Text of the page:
Business Intelligence Tutorial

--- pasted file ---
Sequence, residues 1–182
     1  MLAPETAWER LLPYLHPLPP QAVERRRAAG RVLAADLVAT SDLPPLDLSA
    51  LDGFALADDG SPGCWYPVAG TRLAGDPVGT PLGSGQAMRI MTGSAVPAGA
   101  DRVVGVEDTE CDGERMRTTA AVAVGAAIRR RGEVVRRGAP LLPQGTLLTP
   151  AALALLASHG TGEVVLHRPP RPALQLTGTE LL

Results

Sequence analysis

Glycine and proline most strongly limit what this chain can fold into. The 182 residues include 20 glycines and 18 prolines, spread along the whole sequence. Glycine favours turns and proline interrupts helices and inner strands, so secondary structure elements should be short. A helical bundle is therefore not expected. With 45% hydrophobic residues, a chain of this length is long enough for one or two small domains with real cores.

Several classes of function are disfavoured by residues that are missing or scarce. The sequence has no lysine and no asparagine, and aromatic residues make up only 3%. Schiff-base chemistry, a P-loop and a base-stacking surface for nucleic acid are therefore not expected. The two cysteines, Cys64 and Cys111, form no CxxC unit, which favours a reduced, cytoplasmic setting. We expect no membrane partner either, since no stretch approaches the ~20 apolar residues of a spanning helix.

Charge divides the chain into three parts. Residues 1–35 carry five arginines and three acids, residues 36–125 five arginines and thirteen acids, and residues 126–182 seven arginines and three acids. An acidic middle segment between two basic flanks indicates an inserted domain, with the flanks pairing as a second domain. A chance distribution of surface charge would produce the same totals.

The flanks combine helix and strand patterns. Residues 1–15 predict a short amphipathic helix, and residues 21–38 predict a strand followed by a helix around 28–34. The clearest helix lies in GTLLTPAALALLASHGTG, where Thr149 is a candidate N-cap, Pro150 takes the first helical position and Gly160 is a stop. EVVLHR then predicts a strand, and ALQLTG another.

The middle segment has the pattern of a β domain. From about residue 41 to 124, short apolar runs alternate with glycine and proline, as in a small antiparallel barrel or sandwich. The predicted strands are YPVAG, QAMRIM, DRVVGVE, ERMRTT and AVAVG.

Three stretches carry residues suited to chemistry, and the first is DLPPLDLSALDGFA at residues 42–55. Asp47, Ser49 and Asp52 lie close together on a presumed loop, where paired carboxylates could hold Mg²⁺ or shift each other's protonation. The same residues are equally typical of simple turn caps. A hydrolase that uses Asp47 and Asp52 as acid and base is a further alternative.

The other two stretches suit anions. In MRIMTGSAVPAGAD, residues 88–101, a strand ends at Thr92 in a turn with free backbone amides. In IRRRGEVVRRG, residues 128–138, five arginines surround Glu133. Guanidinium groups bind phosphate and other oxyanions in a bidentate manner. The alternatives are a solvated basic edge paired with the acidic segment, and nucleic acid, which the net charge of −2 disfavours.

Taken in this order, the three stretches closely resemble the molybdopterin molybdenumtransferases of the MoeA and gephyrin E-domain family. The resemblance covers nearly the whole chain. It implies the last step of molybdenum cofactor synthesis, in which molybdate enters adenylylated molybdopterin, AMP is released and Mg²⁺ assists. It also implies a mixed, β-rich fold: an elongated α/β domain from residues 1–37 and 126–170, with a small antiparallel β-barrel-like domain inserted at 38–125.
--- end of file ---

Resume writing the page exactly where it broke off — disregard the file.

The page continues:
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welcome to the technologyadvice business intelligence webinar we'll be going over all the essential components of business intelligence and looking at how it can help your company achieve greater efficiency we've got a lot to cover so let's dive right in the first question you probably have is what is business intelligence and essentially business intelligence refers to applications that transform data into meaningful information which helps businesses make better decisions and now we're going to go over a brief history of business intelligence the term business intelligence actually came into use around the 1950s and it grew out of technology called decision support systems this is actually a pretty fitting name as the technology is still used by companies today in order to support and enhance their decisions over the past few decades business intelligence systems have grown more powerful and comprehensive this is largely due to the increase in the amount of data that companies can easily can easily collect on their customers and on their own internal processes this is due to the rise in things like smartphones wearable devices the internet general computer usage etc also companies can store data cheaper and in greater quantities than ever before companies have access as I mentioned to vast troves of data in the form of smart phone metadata internet usage records social media activity etc business intelligence platforms can sift through this data to find patterns and trends among purchases or their own internal manufacturing processes by 2018 the business intelligence market is expected to be worth 20 point 1 billion now there are three main types of data they're structured data semi structured data and unstructured data unstructured data is information that can't be easily read by computers it includes text documents videos or really any kind of information that doesn't have isn't clearly sorted can't be organized into databases doesn't come and rows or columns or with a clear description of what it is and this is by far the most common form of data on the Internet a good rule of thumb is that 80% of all data produced is unstructured for instance when you when businesses collect information about Facebook usage any kind of messages any kind of comments on walls things like that are all unstructured data now structured data is data that resides in a fixed form and it's labeled so this could be name collection boxes on websites or the address fields for shipping information has a header you can put that into Excel and you can query it or search it with a computer you can analyze it so how do companies store and manage all this data then well company data isn't always in one location in fact it's rarely in one location instead it usually resides across different systems you'll have customer or lead information in a CRM program you might have information about how your marketing efforts are going and a marketing automation system you'll have information from your customers such as consumer sentiment or reviews in social media platforms and those are just a few of the places where you could find data so the first step for companies looking to implement business intelligence is in taking inventory of that data finding all the different sources and figuring out how you can analyze them all how you can cross-reference them one of the main ways the companies do this is data warehouses data warehouses are used to consolidate disparate data into a central location using a process known as extract transform and load ETL data warehouses standardize data across those different systems that I just mentioned they pull it all into one place and then you can query it you can ask questions and you can get those results pretty quickly there's also data marts now data Mart's are simply smaller more focused to warehouses and instead of taking all of the data across your entire company you might just say we're just going to take all the data that the marketing team produces put it in a data Mart it limits the complexity it's cheaper and it's a little bit easier to implement you don't need maybe a full IT staff you might just need one person and so you might be asking how does this information get to these central locations though and that's a good question the answer is extract transform and load usually and this is a again a method for standardizing and centralizing data the first step is extract the raw data is taken from a source program such as that CRM program or an enterprise resource planning software or you know through a plugin into you know Twitter so getting that raw data extracting it from that program and sometimes this is where any kind of unstructured data that you want to import into your warehouse you'll tag it with metadata or you'll put a description on it so that it's easier to find and query once it's in the warehouse the second step is transform this is when the data is normalized in order to properly analyze data it all needs to be in the same format think apples to apples so you need that in you know as in columns or at least in some kind of form that you'll be able to query and will return the same results finally load this is when data is transferred into the central warehouse or data Mart and this process can be done every week every day every hour it can be done pretty much in real time if you have the capacity the more often it's done the more up-to-date all of your analytics reports will be and when you run that report from from the interface of the business intelligence program that you're using you know it's accurate but it also the more often you do it the more network bandwidth that your company will need and this can eat up a lot of resources especially if you want to analyze a lot of data in real time now you might have heard the term a dupe and you might be wondering exactly what that is it's talked when people talk about big data and business intelligence Hadoop comes up a lot and Hadoop is essentially an infrastructure for storing and processing large sets of data across multiple servers in many ways a dupe is an alternative to these data warehouses instead of centralizing all the files Hadoop uses a cluster system it allows you to keep files on multiple servers so you can have some on one server some on another and you can issue one query that searches all of those different servers and brings back the answer it's a very flexible system it's inherently flexible because it uses a cluster system but that also makes it complex to implement and to run you're probably going to need a data scientist or at least some dedicate IT people who have a good understanding of these systems and it isn't well suited for just ad-hoc queries it's best suited for companies that produce massive volumes of data or working with incredibly large files Facebook uses a custom Hadoop array eBay uses a dupe as well they produce terabytes of data every few days MapReduce is the processing arm of dupe and MapReduce allows data to be queried and processed on the server where it resides instead of transporting the data across the network to be analyzed on the computer this is a pretty huge breakthrough as traditionally if you wanted to analyze data you had to get the data wherever it was being stored transfer it all the way across your network to your computer and the software would analyze it and then transfer it back with a dupe only the question the query is transferred across your network all of the analysis is actually done on the server then that information is reduced to just the answer and transferred and the answer is brought back to the computer so obviously the question itself and the answer take up a lot less space than the data so this can save huge amounts of network bandwidth and resources now let's talk about analyzing big data because regardless of how companies store normalize or process their data the analysis portion of business intelligence is what drives the field that's what companies are investing in and the insights from these analytics reports influence company direction product lineups even hiring decisions here are some of the key terms and concepts data mining sometimes called data discovery involves automated and semi-automated analysis of large sets of data in order to find patterns and correlations data mining can be used to group sets of data find outliers or draw connections between disparate data sources you could really argue that all of the intelligence in business intelligence software results from data mining it's sort of the foundation of all of these different types of analysis there's also text analytics text Analects software which is also sometimes called text mining homes through unstructured textual data like an e-book or research paper to find patterns this can be used for linguistic analysis or for sentiment analysis on social media posts or online customer feedback so if you want to track how your brand is mentioned across social media or you have a lot of customer reviews and you want to sort them to figure out the general tone text analytics is what you're going to need now business analytics is used to draw connections between data and companies use it to predict future trends gain competitive advantages and reveal unknown inefficiencies in their systems there's three main forms of analytics there's descriptive predictive and decision and the nice thing is that all of these names are very intuitive descriptive analytics essentially describes data that you already have and it's the base upon which other types of analytics are built so if you have if you take your internal data you've mapped where your data is coming from you've centralized it or you've implemented Hadoop or you have some way to analyze it you can use descriptive programs and software to look at all that data and identify the trends and relationships that are inside of it and it can be used to group raw data into easily digestible pieces such as the number of unique pageviews or the sales numbers for a specific department and that's going to allow you to really take a look at what your company's been doing if there's anything it's really inefficient or any unexpected correlations but you might also want to go a stage beyond that and say well that's what we've been doing this is where our problems are but what can we see about future patterns what can we extrapolate from past trends and that's where predictive analytics comes in predictive analytics searches for a correlation between a single unit or factor and features that pertain to it across different data sets and the goal is to find the same correlation across your different the different areas where you're gathering that data and that's going to allow you to predict future patterns this is probably the fastest growing form of analytics in terms of the features that you know legacy vendors are adding to their software and a lot of the startup companies right now in the field specialize in predictive analytics decision analytics is right on the cutting edge it's been around for a little while but it's kind of just gaining a lot of popularity and this software builds on predictive and it helps companies make decisions it not only analyzes your past data and then extrapolates that into future trends but it looks at external conditions so you can load information such as manufacturing trends or what the market is going to be like in a few years or the predicted shortages of resources maybe that you need to manufacture something and then it will recommend the best course of action for your company so it's looking at your data external data of the market and then trying to map out the safest path for that to work you really need to have good clean data as you're dealing with a lot of unknowns so now that we've looked at the different ways you can analyze data and the different analytics programs that are out there let's look at what you can do with that data once you've analyzed it or how you can turn that data essentially into presentations powerpoints how you can report how you can report business intelligence the main way that you can do this is through data visualization and data visualization is one of the big growing fields in BI right now it's essentially just a graphic display of the results of your data mining efforts or your analytics you know the queries that you've run and this can actually update in real time these are different charts or graphs that come out of these queries if you have the bandwidth that can all update in real time and that'll be through a dashboard now dashboards are subsets of visualization and they are the interfaces that represent specific analysis so you can see the screenshot we have of good data and their executive overview dashboard and these kind of things will just show you you know how many qualified leads you brought in who your top salespeople are maybe the new opportunities that you found and you know where you found them and often you can drill down into that so you can click on a salesperson see where their leads are coming from click on the leads see what regions of the country or you know what sources what industries they're in and so it's a very powerful tool but they're also very easy to interact with and they're particularly helpful for those who don't wish to interact with software through essentially a command-line interface or who don't want to write queries themselves and look at the raw data return you know this puts it into charts pie charts graphs and it makes it so the business users can really start to interact with the data you're bringing in and can sort of analyze it on their own and draw their own conclusions from it without having to consult with an IT department or a data scientist every time that they want to get these results so that's very powerful and we see it as a huge mover right now and hugely important in what companies are looking for in current business intelligence software it's really driving a big part of the market which brings us to the state of the market where as business intelligence headed and who are the main companies our market research shows that more companies than ever before are implementing bi programs and according to the latest data the majority view it as a business opportunity they see the potential however getting access to clean high-quality data remains difficult for some companies and of course that's always a concern when you're using business intelligence software as high quality clean data essentially data that has been normalized properly that you've stripped it of any errors whether that just be typos or misplaced decimal points etc you need to make sure that everything is in line because when you run those queries if there are mistakes in the data are there are errors somewhere in your data warehouse or in your spreadsheets the results that you will at the best just be incomplete you won't be seeing the whole picture at worst you'll be getting a result that's wrong or that will lead you to the to wrong conclusion and when you're predicting future trends you really need the base of those predictions to be as accurate as possible so let's look at TD W is latest survey on business intelligence of the companies they surveyed 57% had already standardized one or more bi applications throughout their business so that's huge that's a large jump and only 38% of companies said that they weren't using business intelligence at all so that's the Varia minority amount of businesses are not using it at all and I think they'll continue to shrink as the software becomes more available and as consumerization consumerization makes it friendlier for end-users a whole 89% of companies see big data and business intelligence is an opportunity there's a lot of market enthusiasm right now only 11% see it as a problem that's something of an outlier I think that will shrink a different survey by information week give some insight into why companies are adopting business intelligence 44% list predicting customer behavior as the driving factor behind their interest that is a very common one that we've seen as well when we've been advising people and working with them to find business intelligence solutions predicting customer behavior is huge and you can do that through analyzing their interactions on social media looking at if they're opening your emails you know what form of communication is getting to them what their purchasing habits are and then you can use that data to extrapolate what you should do moving forward new kinds of tactics that might be successful so there's a lot of potential there for optimizing your selling marketing strategies 58% of respondents here said that accessing timely reliable data stood is their biggest obstacle it's not surprising to you know as we talked about to get that reliable data you do need something of a team or at least someone who's going to go through normalize it you know the extract transform load process make sure it goes well get it into some kind of data warehouse or get a hadoop system set up if it's a distributed system and then you're going to need the bandwidth to access that and refresh your answers and your queries you know every day or at least every week or month depending on the industry are in and sixty-seven percent of respondents to information week said they're interested in using VI applications so again that matches up pretty well if the TD WI the overwhelming majority of companies are very interested in this technology there's a lot of enthusiasm in the marketplace and which brings us to the current trends one of the big ones right now is in-memory processing and in memory processing uses RAM memory solid-state memory instead of traditional hard drives or spinning disks to execute search queries and RAM memory is a lot faster and this vastly increases application performance doesn't take as long to query a lot of files doesn't take as long to store them and move them and as the main barrier to using solid-state memory or RAM memory has been how expensive it is and getting enough of it to store the massive amounts of data the companies bring in as solid-state memory prices continue to drop we expect this will become the standard way to store and process queries second usability and visualization we talked about the move towards greater usability through dashboards and business intelligence interfaces and essentially business intelligence software is making its way out of the IT department visualization dashboards and intuitive user interface design are allowing these programs to be used across departments and the companies that implement user-friendly software throughout their workplace that let their end-users you know explore their data dive into these dashboards look for trends they're going to benefit massively from the insights produced from these end users because they're going to be looking at things in a way that a data scientist or traditional IT department might not be looking at the problems and they're going to be able to collaborate in a data-driven way now let's look an example of business intelligence in action Oh to Ireland which is a large cellphone carrier and a telefónica Europe subsidiary so what's happening with o2 Ireland was that they notice that a lot of their customers were buying prepaid SIM cards for their mobile phones and leaving Ireland a few days later and never purchasing from them again usually these are businesspeople going on a short business trip and OH to Ireland didn't want to spend valuable marketing resources on these customers because they had almost no they presented no opportunity for repeat business it was a one-time transaction but the company didn't have the ability to identify or predict who these customers were what the habits were you know what the identifying markers were so that they didn't target them in their marketing efforts their solution was they contracted teradata to centralize their information - warehouse - you know map out where Oh - Ireland's data was coming from where they're getting information on the customers extract transform load all that standardized it get into a data warehouse then they implemented Cognos business intelligence software so they could run queries on that analyze it and using the centralized data and their new business intelligence system Oh - Ireland was able to identify in segments the 65% of their customers who stayed in Ireland after purchasing SIM cards and who are likely to be repeat customers and so that resulted in in a much higher return on investment for them as they were no longer wasting resources on customers who had no intention of using their services past a few days so hopefully that gives you a good idea of how business intelligence can be used in enterprise environments of course it's just one example but we do have additional case studies and vendor reviews on technologyadvice.com thank you for watching our business intelligence webinar join us next week may 28 2010 experts from companies such as looker and board analytics among others and make sure to visit technologyadvice.com you can get a free copy of this guide on our website you can see reviews of some of the vendors that we've mentioned here and you can find additional case studies on our blog thanks again for watching